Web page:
2

I have a variable value that is initialized when I create a new object. However, this variable is not a column of my table. I just want to use it inside my model and have it available for some methods inside my class:

class MyClass < ActiveRecord::Base
  def initialize (value)
    @value = value
  end
end

So, when a create a new object @value will keep the some text temporarily, for example:

test = MyClass.new("some text")

There is a way to validates the variable value to accept only text?

class MyClass < ActiveRecord::Base
  validates_format_of :value => /^\w+$/ # it doesn't work

  def initialize (value)
    @value = value
  end
end

EDIT

I have tried all the answer, but my Rspec is still passing:

My new class:

class MyClass < ActiveRecord::Base
  validate :check_value

  def check_value
    errors.add(:base,"value is wrong") and return false if !@value || !@value.match(/^\w+$/)
  end  

  def initialize (value)
    @value = value
  end

  def mymethod
    @value
  end
end

My Rspec (I was expecting it to fail, but it is still passing):

describe MyClass do
  it 'checking the value' do
    @test = MyClass.new('1111').mymethod
    @test.should == '1111'
  end
end

I would like to raise an validation error before assigning 1111 to the @value.

  • I think you got your answers, but here is a friendly warning: don't override #initialize in your models. Otherwise you'll miss the one defined in AR::Base (unless you override it carefully with super call). – KL-7 Jul 18 '12 at 13:56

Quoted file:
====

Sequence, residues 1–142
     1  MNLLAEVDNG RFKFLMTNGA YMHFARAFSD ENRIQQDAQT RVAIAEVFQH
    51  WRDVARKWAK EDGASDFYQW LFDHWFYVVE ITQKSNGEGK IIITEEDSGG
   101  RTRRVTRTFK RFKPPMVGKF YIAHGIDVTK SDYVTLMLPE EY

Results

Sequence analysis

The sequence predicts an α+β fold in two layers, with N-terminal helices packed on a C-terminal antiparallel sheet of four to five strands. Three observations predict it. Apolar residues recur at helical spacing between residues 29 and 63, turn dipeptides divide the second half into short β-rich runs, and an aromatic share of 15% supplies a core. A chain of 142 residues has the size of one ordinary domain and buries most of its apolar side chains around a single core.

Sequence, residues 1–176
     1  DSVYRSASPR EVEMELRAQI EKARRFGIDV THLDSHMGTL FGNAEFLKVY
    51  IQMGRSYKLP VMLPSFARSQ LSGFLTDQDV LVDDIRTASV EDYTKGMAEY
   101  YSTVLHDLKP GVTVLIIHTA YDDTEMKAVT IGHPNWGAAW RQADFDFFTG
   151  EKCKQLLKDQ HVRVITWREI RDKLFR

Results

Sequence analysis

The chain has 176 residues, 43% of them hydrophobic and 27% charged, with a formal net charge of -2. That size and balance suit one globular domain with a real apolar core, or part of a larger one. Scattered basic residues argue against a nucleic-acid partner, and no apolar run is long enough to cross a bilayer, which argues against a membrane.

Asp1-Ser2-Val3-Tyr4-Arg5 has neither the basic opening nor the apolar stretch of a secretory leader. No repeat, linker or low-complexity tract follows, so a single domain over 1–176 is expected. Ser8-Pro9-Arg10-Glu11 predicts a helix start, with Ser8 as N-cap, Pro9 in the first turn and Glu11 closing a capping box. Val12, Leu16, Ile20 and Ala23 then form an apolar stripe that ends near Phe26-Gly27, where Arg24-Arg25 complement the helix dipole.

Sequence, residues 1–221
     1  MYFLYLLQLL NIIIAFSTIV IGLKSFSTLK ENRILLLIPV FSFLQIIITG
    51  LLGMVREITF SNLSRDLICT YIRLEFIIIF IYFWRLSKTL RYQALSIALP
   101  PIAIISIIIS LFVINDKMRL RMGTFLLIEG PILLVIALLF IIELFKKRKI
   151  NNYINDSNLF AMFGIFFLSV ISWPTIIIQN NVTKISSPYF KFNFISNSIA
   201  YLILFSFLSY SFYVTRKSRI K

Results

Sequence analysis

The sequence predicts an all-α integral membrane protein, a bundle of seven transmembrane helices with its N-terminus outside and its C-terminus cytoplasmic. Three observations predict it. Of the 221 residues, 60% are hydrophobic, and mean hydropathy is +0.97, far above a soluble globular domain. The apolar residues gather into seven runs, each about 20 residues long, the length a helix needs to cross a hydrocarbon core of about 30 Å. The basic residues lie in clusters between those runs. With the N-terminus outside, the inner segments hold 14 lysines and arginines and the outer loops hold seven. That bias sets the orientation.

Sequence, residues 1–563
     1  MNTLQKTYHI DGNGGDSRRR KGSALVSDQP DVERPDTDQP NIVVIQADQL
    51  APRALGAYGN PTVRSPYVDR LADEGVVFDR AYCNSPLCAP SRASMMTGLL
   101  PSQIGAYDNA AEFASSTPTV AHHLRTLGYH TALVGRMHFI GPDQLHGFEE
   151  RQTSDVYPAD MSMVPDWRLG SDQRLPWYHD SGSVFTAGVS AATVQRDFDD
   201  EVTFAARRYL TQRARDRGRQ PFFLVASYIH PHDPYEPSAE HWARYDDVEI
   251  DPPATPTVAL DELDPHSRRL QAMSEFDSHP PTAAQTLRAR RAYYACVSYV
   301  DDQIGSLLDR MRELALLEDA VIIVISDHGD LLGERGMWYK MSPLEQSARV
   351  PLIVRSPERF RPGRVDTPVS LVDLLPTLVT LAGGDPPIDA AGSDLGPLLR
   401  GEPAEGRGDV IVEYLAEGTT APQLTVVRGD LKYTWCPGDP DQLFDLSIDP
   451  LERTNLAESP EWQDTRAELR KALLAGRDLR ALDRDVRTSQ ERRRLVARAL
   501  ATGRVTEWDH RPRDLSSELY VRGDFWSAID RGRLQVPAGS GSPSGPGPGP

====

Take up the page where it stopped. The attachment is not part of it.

• 3
    Avoid overriding ActiveRecord::Base#initialize, add a after_initialize filter instead if you need to do something upon object instantiation. – mogelbrod Jul 18 '12 at 13:57
  • Btw, if you define attribute accessor, e.g., attr_accessor :foo, in your model you can pass the value in the default constructor as any other attribute: MyModel.new(:foo => 'bar'). – KL-7 Jul 18 '12 at 13:59
  • Thank you guys for all the answers, but I couldn't achieve what I want.... I have edited my question. – gabrielhilal Jul 18 '12 at 14:22
  • 1
    Depends what you want to accept. [A-Za-z] might be a good start, or the POSIX class [[:alpha:]]. \D is explicitly "anything at all except a digit". – Chowlett Jul 18 '12 at 15:55
3

Rails does the validations only if you call valid? or save on the model. So if you want it to accept only values for your value when calling those methods, do a custom validation:

class MyClass < ActiveRecord::Base

  validate :value_string

  #further code

Setup your value validation like that under the protected scope

protected

  def value_string
    self.errors[:base] << 'Please assign a string to value' unless @value.match(/^\w+$/)
  end

These validations won't be called without calling valid?or save, like I said before. If you want value not to be assigned with another value than a word-like-value at any time, there's no other way than to prevent it on initialization:

def initialize(attributes = nil, options = {})
  attr_value = attributes.delete(:value) if attributes
  @value = attr_value if attr_value && attr_value.match(/^\w+$/)

  super
end

EDIT

I would not recommend raising an ActiveRecord validation error when assigning not accepted values on initialization. Try to raise your own custom error based on ArgumentError